Category Archives: L’Engle, Madeleine

Throwback Thursday 11.11.2021

I’ve been tracking my reading on the internet since approximately 2013 more or less continuously, and if you look on my sidebar, you will find 8 pages that are titled Book List with a designated year.

On occasional Thursdays I will use a random number generator to point me to three books from the lists (leaving out 2021), and then I’ll post about them – what I remember (if anything), whether I would recommend them – probably not, if I don’t remember anything about them – and if they have stuck with me in the years since I read them.

2015, Book 161:

Many WatersMany Waters by Madeleine L'Engle
Rating: ★★½
Series: Time Quintet #4
Publication Date: September 1, 1986
Pages: 369
Genre: classic, fantasy, YA
Project: throwback thursday

Some things have to be believed to be seen.

Sandy and Dennys have always been the normal, run-of-the-mill ones in the extraodinary Murry family. They garden, make an occasional A in school, and play baseball. Nothing especially interesting has happened to the twins until they accidentally interrupt their father's experiment.

Then the two boys are thrown across time and space. They find themselves alone in the desert, where, if they believe in unicorns, they can find unicorns, and whether they believe or not, mammoths and manticores will find them.

The twins are rescued by Japheth, a man from the nearby oasis, but before he can bring them to safety, Dennys gets lost. Each boy is quickly embroiled in the conflicts of this time and place, whose populations includes winged seraphim, a few stray mythic beasts, perilous and beautiful nephilim, and small, long lived humans who consider Sandy and Dennys giants. The boys find they have more to do in the oasis than simply getting themselves home--they have to reunite an estranged father and son, but it won't be easy, especially when the son is named Noah and he's about to start building a boat in the desert.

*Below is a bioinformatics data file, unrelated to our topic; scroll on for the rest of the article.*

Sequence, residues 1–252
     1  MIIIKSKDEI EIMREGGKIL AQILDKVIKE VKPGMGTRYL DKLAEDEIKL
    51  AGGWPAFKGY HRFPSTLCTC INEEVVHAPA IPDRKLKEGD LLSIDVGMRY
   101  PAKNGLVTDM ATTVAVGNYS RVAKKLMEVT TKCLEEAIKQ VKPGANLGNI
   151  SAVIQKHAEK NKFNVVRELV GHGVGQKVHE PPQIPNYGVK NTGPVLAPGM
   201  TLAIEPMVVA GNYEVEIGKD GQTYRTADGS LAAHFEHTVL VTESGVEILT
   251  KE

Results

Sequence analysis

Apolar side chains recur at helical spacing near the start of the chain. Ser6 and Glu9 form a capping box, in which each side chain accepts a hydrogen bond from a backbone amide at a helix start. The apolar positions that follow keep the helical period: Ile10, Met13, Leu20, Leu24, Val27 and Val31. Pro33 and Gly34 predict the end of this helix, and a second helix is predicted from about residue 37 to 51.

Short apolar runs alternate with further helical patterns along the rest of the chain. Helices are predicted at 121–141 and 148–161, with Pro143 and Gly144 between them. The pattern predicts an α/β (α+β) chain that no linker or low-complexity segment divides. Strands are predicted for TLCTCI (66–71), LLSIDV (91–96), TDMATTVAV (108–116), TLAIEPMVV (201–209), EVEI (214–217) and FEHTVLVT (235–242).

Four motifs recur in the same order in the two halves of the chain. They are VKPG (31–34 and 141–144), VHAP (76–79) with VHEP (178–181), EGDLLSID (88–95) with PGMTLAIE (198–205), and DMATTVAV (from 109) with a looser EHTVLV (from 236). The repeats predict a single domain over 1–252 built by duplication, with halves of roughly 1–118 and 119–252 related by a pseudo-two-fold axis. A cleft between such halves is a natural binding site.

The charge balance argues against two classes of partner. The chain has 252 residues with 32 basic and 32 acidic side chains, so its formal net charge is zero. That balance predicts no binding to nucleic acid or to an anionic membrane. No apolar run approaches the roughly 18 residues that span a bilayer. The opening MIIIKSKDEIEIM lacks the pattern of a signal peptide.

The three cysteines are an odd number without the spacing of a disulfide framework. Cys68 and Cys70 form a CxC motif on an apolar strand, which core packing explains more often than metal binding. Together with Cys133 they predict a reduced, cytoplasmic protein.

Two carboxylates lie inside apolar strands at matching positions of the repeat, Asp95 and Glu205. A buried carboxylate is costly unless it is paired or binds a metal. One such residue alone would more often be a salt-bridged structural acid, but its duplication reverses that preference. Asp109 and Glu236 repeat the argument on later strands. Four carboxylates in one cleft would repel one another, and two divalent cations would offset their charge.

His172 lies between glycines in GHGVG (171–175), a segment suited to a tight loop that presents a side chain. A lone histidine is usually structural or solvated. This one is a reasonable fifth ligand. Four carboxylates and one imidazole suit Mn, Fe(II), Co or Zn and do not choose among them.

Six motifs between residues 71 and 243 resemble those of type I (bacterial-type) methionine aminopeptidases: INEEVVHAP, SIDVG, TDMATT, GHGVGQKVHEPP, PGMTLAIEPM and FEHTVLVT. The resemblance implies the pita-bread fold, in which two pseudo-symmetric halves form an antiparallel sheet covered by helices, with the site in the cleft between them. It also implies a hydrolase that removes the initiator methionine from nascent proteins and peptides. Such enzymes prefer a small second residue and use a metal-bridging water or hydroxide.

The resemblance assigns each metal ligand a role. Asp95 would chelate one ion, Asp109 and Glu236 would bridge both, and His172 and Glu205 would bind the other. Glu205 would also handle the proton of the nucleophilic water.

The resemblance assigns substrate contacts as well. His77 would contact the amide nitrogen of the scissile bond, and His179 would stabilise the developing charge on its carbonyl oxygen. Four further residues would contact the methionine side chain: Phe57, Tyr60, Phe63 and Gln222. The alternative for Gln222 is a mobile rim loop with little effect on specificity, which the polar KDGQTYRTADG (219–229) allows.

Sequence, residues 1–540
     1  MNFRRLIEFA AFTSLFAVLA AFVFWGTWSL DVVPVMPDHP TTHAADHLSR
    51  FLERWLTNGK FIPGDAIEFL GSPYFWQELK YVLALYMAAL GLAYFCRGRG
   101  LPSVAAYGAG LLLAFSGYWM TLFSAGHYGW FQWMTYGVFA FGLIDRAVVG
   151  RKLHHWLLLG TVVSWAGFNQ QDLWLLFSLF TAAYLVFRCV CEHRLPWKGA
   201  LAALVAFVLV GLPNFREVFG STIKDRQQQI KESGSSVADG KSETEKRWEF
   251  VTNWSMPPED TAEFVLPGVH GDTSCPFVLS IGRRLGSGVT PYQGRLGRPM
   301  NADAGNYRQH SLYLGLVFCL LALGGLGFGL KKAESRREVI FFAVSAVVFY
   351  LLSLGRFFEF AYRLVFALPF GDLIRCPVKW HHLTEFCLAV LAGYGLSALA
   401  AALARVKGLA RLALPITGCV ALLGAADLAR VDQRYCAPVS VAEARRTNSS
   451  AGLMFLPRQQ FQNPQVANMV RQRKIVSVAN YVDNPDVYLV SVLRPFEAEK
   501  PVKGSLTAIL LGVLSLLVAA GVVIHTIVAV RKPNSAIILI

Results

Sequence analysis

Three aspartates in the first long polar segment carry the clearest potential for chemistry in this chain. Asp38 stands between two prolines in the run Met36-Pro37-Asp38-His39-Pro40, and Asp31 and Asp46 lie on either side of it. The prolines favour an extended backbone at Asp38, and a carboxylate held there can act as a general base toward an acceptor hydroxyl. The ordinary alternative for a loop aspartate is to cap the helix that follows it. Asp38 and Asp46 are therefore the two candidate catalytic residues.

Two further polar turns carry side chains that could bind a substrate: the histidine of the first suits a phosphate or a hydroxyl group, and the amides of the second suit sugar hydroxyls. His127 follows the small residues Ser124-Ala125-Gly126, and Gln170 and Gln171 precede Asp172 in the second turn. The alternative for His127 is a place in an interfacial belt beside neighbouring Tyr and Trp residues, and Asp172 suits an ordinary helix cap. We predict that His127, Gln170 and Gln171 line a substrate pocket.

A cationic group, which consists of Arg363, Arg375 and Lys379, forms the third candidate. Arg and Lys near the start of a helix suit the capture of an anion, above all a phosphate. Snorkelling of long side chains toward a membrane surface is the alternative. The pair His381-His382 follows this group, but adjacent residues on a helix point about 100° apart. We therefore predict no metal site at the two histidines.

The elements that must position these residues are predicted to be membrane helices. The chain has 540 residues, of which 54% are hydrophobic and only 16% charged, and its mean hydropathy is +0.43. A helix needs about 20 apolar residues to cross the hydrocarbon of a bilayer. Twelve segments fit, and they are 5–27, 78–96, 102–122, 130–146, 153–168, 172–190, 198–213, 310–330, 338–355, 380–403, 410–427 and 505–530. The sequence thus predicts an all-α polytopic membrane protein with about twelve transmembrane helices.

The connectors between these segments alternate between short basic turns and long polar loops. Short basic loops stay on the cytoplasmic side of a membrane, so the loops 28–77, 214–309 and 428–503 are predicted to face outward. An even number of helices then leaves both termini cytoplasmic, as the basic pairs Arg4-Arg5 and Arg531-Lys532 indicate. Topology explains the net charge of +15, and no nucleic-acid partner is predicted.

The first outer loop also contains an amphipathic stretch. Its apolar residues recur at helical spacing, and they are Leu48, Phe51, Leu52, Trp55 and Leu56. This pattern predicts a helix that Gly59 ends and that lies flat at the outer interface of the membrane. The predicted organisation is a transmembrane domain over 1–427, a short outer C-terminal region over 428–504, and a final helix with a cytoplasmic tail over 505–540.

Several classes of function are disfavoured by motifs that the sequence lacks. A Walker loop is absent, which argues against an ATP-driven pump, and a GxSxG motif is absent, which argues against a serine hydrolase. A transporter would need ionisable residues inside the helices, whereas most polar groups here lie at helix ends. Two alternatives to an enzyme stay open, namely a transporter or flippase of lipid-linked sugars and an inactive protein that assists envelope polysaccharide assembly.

A few years ago, I started a Madeleine L’Engle project. I planned to read all of her books – I got somewhat sidetracked, but I did manage to read the entire Kairos series (the Murry family novels) and all of her Austin series, as well as a few others. This one was probably the weirdest of all of them, and that is definitely saying something. In Many Waters, the twins – who are typically depicted as the most “normal” of the Murry kids – disrupt time and end up in the Old Testament, during the Flood. Yeah, that flood – the one that involves Noah. I’m not sure if it was my least favorite of L’Engle’s books, but it definitely competes. If you are interested in a L’Engle YA, read either A Wrinkle in Time or A Ring of Endless Light. Do not read this one until you’ve read at least four or five of her other books first.

2019, Book 72:

Touch Not the CatTouch Not the Cat by Mary Stewart
Rating: ★★★½
Publication Date: April 28, 1976
Pages: 384
Genre: gothic romance, magical realism, romance, suspense
Project: throwback thursday

After the tragic death of her father, Bryony Ashley returns from abroad to find that his estate is to become the responsibility of her cousin Emory. Ashley Court with its load of debt is no longer her worry. But there is something odd about her father's sudden death . . . Bryony has inherited the Ashley 'Sight' and so has one of the Ashleys. Since childhood the two have communicated through thought patterns, though Bryony has no idea of his identity. Now she is determined to find him. But danger as well as romance wait for her in the old moated house, with its tragic memories . . .

This book was so problematic for me, and yet I still really liked it. What I remember about it is that the main heroine was named Bryony and there was some bizarre telepathy thing. In addition, Bryony referred to her cousin, with whom she can communicate telepathically, as “lover.” I loathe word “lover” and cousin-love doesn’t work for me at all. Given that those were the main points of the book, along with the suspense because someone is trying to kill Bryony, of course, I would have expected to hate it. But, Mary Stewart is such an exceptional writer, that I still enjoyed it. So, if you want a book that will carry you gently away, with evocative prose, to crumbling manors where beautiful young women who communicate telepathically with their cousin-lovers are being stalked by a would-be murderer (who may also be the cousin-lover), this book is for you.

2018, Book 124:

In the BalanceIn the Balance by Patricia Wentworth
Rating: ★★★
Series: Miss Silver #4
Publication Date: January 1, 1941
Pages: 342
Genre: mystery
Project: throwback thursday

His first wife died suddenly—and his wealthy new bride may be about to meet a similar fate . . .

Former schoolteacher Miss Maud Silver is on her way back to London when, with a violent shudder of the train, a young woman is thrust into her compartment. She’s beautiful, well dressed, newly married, and wealthy—a lethal combination.